The overlays that highlight 17th century London features are approximate and derived from:

5 Annotations

Phil   Link to this

Pepys referred to this area of London as "Redriffe", as mentioned here:

Glyn   Link to this

From the above link: "But the village's greatest claim to fame came in 1620, when the Mayflower sailed for America carrying the Pilgrim Fathers from a pub then called The Shippe - and now renamed The Mayflower."

It's a pleasant riverside pub-restaurant to go for a drink in the summer, and understandably is popular with American visitors. I'd recommend going on the outside decking in the evening and watching the sun set on the river - very pleasant.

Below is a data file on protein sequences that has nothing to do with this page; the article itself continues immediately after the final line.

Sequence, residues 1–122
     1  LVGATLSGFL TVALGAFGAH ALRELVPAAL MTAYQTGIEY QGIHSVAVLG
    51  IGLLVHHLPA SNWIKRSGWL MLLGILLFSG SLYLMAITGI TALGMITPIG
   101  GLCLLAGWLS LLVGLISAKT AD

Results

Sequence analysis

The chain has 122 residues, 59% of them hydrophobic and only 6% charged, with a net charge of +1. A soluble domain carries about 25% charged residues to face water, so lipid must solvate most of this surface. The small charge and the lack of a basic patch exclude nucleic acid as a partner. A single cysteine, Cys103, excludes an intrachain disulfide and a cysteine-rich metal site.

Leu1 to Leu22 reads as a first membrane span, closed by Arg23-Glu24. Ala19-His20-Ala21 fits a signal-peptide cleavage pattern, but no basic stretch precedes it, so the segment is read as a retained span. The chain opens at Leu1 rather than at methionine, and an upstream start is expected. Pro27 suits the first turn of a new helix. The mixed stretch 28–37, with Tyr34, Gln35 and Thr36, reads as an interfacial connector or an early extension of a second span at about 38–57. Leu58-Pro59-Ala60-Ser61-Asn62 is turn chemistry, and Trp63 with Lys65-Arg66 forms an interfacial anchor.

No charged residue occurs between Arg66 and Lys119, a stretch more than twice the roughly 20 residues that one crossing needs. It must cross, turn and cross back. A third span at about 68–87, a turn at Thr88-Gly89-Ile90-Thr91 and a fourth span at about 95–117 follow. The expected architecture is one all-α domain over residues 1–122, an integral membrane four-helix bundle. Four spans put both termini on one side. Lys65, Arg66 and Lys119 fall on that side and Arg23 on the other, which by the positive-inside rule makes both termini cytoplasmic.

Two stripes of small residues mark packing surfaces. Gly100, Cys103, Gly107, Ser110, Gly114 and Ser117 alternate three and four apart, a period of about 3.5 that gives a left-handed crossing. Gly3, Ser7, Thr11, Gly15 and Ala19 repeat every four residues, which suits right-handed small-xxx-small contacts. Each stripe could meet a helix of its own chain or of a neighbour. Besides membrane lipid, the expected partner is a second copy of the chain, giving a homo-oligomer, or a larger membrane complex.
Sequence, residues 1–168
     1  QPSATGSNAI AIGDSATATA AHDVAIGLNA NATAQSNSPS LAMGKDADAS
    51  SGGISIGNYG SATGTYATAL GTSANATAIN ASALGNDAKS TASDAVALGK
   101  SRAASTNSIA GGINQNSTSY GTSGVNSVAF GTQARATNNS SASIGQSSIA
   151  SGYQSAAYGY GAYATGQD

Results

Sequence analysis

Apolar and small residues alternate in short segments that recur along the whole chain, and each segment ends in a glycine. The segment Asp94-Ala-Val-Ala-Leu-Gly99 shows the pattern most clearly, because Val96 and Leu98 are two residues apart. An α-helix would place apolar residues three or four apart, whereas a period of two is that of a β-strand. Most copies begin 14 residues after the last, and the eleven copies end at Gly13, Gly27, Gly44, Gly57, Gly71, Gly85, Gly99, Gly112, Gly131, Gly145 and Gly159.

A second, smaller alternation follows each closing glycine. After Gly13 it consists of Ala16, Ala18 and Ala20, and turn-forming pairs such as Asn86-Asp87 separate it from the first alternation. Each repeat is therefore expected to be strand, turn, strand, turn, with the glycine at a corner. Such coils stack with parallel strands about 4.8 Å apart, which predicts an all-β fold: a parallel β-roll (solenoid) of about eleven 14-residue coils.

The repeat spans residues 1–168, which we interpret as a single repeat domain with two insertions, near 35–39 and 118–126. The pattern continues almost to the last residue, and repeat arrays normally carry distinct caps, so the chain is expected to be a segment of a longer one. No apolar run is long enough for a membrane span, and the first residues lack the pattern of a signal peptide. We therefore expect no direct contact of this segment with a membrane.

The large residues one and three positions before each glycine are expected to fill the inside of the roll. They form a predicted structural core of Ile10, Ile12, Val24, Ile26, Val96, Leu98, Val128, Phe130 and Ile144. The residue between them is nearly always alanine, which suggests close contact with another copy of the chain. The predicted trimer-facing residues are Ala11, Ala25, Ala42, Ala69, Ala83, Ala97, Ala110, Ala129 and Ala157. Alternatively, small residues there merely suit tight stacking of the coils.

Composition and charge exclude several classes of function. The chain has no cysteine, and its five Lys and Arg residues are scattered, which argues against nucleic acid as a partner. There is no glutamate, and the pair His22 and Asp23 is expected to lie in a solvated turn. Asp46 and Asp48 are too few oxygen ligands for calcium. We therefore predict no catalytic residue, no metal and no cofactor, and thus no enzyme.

Captain Christopher Jones and 3 other co-owners of the Mayflower are buried in the little church opposite - have a look at the charming painted statues of Quaker-type children above the doors.

But unlike Pepys I wouldn't care to walk from Rotherhithe to Deptford - today it's built up and (I feel) a little dangerous at night.

Terry F   Link to this

Another view of Redriffe as an area SE of the Street and west of Cockhold's Point, near Deptford (Fairburn 1802 map):

Bill   Link to this

Redriff, a corruption of Rotherhithe. The immortal Gulliver was, as Swift tells us, long an inhabitant of Redriff.

Have I for this thy tedious absence borne,
And waked, and wished whole nights for thy return?
In five long years I took no second spouse,
What Redriff wife so long hath kept her vows?
--Swift, Mary Gulliver to Captain Lemuel Gulliver.

---London, Past and Present. H.B. Wheatley, 1891.

Terry Foreman   Link to this

Rotherhithe or Redriffe SE of London S of the river loop on J. CARY'S MAP OF 15 MILES ROUND LONDON (1786)

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